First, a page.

Back to Basics
I recently saw a statistic that made me think a bit: out of
50,000 developers entering the US job market each year, only
about 35,000 have any academic training in software development.
(These numbers, mind you, predate the current economy, but I suspect
the proportions remain the same even tough the absolute numbers
may have changed). Now, I'm not about to argue that developers who
came from paths other than a computer science degree are bad
developers; I've known too many brilliant self-taught developers to
make such a silly statement. But if you've gone from poking at a
computer to writing code for yourself to writing code for a living,
you might not even know what you're missing.
Looking back to my own CS training (which was more years ago
than I really care to admit in public), three things have stayed with
me and proven useful over the intervening years. Fortunately, you
can learn plenty about these things even without formal classwork:
- Data structures
- Language exposure
Algorithms - the low-level routines that make up our programs - are
obviously very important. If you have a list of items to sort, you
need to have some plan for sorting it. If you have a big block of
text to search for a particular string, you need to come up with a
way to perform the search. To some extent, today's high-level languages
protect you from needing to come up with these algorithms yourself;
there are ways to sort and search baked right into the language or
into the framework you're using. And if you need something obscure
(like a way to perform a Fourier transform) you can always look it up. So what's the benefit of learning about algorithms? You learn how to
analyze them. Thinking at the level of algorithms will make you very
aware of the tradeoffs in your code. It can also help you spot brewing
trouble before it spills over. Once you understand the difference
between an O(log n) and an O(n2) algorithm, you can start looking
for the patterns and optimizing your code almost without thinking
Data structures cover all the ways that you can stash data in your
code. Do you need a linked list? A doubly-linked list? A hash table?
A balanced tree? Even if your framework provides the alternative
structures "for free" do you know the differences and tradeoffs? A good grounding in data structures will help you avoid writing extra code or saddling your programs with performance issues that could have been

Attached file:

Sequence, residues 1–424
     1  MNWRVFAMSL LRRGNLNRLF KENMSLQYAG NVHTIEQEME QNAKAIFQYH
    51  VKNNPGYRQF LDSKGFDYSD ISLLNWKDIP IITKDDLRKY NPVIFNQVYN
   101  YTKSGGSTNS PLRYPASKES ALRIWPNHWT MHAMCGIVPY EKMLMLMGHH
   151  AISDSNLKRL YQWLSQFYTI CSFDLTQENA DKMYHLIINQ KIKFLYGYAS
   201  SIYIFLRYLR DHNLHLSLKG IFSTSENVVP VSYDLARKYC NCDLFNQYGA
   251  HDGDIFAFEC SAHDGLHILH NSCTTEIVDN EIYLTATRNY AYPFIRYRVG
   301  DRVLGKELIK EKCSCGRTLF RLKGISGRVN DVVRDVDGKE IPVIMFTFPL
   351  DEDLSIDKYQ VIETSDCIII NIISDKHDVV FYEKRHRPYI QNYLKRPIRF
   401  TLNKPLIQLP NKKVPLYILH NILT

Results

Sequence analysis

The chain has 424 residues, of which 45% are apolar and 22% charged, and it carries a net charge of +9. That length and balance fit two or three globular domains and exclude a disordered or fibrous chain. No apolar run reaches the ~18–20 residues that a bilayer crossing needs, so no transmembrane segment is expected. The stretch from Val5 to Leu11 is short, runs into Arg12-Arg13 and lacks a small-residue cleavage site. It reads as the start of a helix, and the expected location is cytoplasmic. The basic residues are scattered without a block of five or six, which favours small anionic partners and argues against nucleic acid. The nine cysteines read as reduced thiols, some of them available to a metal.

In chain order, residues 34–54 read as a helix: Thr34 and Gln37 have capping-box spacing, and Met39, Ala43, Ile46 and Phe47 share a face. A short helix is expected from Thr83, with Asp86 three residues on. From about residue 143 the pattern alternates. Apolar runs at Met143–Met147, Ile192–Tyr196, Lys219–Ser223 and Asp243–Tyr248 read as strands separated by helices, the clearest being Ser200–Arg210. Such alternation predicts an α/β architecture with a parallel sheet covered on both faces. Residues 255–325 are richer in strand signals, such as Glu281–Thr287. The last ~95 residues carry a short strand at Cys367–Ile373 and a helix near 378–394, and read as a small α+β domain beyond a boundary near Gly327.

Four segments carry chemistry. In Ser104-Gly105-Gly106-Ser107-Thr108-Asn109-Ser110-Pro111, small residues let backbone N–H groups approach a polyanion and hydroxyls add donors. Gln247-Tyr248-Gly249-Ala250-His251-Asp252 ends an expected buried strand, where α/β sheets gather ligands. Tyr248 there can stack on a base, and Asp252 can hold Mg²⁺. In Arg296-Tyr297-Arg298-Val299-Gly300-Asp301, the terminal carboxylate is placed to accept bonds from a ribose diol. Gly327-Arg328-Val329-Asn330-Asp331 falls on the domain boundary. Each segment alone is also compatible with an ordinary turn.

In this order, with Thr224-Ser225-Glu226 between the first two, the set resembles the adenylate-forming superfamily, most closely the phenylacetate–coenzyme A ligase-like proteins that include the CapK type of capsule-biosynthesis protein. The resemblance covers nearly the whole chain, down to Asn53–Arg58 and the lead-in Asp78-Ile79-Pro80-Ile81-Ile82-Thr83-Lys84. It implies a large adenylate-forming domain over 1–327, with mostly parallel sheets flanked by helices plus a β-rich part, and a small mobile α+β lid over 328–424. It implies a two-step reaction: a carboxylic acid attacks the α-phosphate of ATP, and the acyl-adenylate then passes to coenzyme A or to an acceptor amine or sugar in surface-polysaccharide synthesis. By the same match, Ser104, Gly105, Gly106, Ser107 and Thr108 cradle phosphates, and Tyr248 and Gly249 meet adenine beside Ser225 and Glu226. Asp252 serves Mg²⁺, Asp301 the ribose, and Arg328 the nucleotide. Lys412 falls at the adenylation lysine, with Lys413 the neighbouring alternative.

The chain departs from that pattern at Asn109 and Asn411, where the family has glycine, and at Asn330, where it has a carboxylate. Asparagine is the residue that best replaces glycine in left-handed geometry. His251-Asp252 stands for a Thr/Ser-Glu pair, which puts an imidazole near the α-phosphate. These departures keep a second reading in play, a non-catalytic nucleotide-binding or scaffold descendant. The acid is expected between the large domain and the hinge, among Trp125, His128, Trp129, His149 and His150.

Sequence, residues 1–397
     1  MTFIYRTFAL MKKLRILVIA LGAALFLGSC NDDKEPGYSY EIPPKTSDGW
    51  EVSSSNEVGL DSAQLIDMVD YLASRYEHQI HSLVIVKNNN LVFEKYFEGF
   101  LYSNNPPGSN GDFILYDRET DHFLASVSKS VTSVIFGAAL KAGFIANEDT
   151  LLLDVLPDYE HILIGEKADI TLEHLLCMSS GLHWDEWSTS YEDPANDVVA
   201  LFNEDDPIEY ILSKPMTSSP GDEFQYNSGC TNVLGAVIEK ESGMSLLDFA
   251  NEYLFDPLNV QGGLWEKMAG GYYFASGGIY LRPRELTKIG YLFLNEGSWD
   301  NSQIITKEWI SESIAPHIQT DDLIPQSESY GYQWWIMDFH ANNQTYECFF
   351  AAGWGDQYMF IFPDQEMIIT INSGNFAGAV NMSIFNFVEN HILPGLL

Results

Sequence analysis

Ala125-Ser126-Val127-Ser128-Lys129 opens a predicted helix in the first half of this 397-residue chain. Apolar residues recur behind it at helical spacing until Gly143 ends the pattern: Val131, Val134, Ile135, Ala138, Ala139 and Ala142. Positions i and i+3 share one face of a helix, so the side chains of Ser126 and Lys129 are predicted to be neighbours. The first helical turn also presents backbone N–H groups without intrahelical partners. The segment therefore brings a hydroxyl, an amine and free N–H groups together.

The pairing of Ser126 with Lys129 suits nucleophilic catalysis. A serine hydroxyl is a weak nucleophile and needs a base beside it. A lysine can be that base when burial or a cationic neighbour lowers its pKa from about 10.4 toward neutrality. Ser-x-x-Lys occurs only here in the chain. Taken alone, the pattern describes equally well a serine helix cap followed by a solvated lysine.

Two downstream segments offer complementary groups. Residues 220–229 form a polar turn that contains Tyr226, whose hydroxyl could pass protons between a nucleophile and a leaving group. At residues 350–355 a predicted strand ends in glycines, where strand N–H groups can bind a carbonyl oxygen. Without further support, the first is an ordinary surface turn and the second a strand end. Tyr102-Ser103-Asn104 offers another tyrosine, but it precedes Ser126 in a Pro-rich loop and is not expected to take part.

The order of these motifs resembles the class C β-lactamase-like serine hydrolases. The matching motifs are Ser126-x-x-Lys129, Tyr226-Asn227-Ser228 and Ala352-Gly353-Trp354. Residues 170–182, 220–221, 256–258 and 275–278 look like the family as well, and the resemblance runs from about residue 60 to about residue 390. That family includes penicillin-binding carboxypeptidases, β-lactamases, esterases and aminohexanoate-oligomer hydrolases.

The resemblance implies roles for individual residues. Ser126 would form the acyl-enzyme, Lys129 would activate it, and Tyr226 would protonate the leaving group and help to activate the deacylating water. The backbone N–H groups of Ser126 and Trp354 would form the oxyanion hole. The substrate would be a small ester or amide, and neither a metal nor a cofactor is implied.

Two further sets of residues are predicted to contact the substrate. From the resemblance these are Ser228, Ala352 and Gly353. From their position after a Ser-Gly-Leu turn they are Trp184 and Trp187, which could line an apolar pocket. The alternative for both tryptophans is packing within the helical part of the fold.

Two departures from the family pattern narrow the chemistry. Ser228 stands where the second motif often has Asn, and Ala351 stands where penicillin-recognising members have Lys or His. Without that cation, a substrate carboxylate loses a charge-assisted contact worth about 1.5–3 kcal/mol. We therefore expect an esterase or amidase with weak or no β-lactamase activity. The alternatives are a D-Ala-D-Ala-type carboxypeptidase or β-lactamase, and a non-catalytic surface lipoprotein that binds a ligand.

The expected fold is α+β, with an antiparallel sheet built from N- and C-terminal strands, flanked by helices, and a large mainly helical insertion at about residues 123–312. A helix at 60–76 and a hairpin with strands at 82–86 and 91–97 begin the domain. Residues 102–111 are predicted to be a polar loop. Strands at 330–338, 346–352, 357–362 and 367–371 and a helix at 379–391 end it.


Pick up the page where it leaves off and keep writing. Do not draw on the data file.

Language exposure. You won't find this one on the list of courses
for a CS degree, but it might be the most important skill of all. Before I got out of school I'd programmed in a dozen languages, from 6502 assembler to Pascal to VAX assembler to Lisp to C and beyond.
Some of these languages are mainstream, others have next to no
commercial potential. But the point of language exposure is not to
teach you the details of the language you'll be using in your job,
but to show you that the design of programming languages can and does vary. If you learn how to write C#, always write C#, and never step
out of the C# universe, your C# skills may be excellent. But you'll
be missing out on other ways to do things, and less prepared to move
to a more rewarding position if one comes up. An all-purpose developer
is more highly valued by most employers than a C# developer.
So, if you missed the coursework, what should you do to make up
the lack? I have two recommendations. The next time you're thinking about getting training on some specific technology (such as OLAP processing with SQL Server or whatever), take a combined data structures and algorithms course instead. You may be able to do this
at a local community college; otherwise, there are excellent textbooks
in the field that you can work through on your own. Second, don't let
yourself get trapped in a language dead end. Even if your work is
exclusively in one language, learn a second at home in your own time.
In fact, it's a good discipline to dig into one new computer language
every year. You just might find one that fits your current job so
perfectly that you can save the day by introducing it!